The primary image that comes through is that of equality and justice, mutual caring and support.  In all but one of the texts there is an image and sheep and/or shepherds.  Both Psalms speak of us as “the sheep of his pasture.”  “We are his; we are his people, and the sheep of his pasture.”  (Psalm 100:3)  “For he is our God, and we are the people of his pasture, and the sheep of his hand.”  (Psalm 97:7a)


The picture of a caring shepherd and his sheep has been heart-warming for many.  Think of the popularity of Psalm 23 and its picture of the Lord as our shepherd, or the images of the shepherd in some of Jesus’ parables (Jesus as the Good Shepherd, the one who seeks out the lost sheep and carries it home in his arms).  The reality is much messier as the shepherd deals with smelly and rebellious sheep, but the image is also quite removed from what we often associate with kingship.  Whatever the reign of Christ means, these are not images of a dictatorial overlord.


Two of the readings show, in fact, how relationships in the kingdom can get out of whack.  In Ezekiel we start with the warm image of a shepherd seeking out and taking care of his sheep.  God says, “I myself will search for my sheep . . . I will feed them with good pasture . . . they shall lie down in good grazing land . . . I myself will be the shepherd of my sheep . . . I will seek the lost, and I will bring back the strayed, and I will bind up the injured, and I will strengthen the weak . . .”  (Ezekiel 34:11, 14 -16)  Sounds great, doesn’t it?  Then comes a turn in the story.  Surprise!  Relations among sheep can even go astray, or among the people who claim to be God’s sheep.  The reading from Ezekiel turns out to be a judgment story.  There are fat sheep and lean sheep, weak sheep and strong sheep.  The fat sheep are under judgment because “you pushed with flank and shoulder, and butted at all the weak animals with your horns . . .”  (verse 16, 20-22)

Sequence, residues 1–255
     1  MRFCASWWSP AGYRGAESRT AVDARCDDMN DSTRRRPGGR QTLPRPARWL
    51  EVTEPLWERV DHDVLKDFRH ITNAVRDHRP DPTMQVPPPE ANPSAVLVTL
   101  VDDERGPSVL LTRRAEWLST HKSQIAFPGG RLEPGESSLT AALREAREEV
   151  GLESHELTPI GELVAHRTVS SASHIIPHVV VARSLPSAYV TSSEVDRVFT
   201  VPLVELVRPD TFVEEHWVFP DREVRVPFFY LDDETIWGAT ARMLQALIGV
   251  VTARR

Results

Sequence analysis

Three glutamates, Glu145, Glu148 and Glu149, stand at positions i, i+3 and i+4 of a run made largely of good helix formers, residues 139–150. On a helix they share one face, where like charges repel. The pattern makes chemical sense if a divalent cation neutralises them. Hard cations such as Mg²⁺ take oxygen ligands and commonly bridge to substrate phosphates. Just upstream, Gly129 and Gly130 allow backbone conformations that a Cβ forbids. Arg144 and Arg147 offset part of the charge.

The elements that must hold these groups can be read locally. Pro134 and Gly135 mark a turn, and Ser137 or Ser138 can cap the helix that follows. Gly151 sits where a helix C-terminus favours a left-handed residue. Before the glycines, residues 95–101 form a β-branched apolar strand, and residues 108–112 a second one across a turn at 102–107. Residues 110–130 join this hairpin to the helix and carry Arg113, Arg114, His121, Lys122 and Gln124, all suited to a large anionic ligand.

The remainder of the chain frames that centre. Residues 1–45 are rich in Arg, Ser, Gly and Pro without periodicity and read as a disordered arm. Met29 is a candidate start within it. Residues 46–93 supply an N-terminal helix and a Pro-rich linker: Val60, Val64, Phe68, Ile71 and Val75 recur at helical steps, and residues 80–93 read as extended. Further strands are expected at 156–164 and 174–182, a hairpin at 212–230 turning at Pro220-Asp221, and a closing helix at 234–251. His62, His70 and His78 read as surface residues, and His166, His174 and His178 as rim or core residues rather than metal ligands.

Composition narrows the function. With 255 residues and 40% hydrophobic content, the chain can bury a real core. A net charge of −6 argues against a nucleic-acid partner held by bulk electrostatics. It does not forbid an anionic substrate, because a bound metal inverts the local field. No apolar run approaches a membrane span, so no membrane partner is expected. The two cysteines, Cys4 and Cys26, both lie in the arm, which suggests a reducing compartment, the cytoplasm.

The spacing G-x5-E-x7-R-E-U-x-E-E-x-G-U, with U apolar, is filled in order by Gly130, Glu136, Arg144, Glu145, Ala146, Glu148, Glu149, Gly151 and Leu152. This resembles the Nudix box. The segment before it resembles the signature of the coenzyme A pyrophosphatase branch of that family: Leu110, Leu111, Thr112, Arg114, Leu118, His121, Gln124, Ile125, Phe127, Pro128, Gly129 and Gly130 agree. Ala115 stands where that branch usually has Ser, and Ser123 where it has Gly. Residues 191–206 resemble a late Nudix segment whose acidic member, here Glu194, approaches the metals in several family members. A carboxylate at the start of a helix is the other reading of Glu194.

The biblical vision of the reign of God is one in which the weak are protected, where things are set right, where justice prevails.  “I will feed them with justice,” God says in Ezekiel 34:16)


We spent most of our time at our weekly breakfast discussion this morning talking about the Gospel lesson, another of the series of judgment parables we’ve been looking at in recent weeks.  In many ways it has been a favorite of those who are more liberal or progressive, who espouse a “social” gospel.  The basis of judgment is not being able to recite the right creed or fulfill every detail of right ritual, as many who first heard the parable may have believed (and many today seem to continue to believe).  The basis of judgment is service to those around us---feeding the hungry, giving drink to the thirsty, clothing the naked, caring for the sick, visiting those in prison.  (Matthew 25:34-37)  A prominent feature of relationships where the reign of Jesus prevails is this kind of mutual caring and inclusion.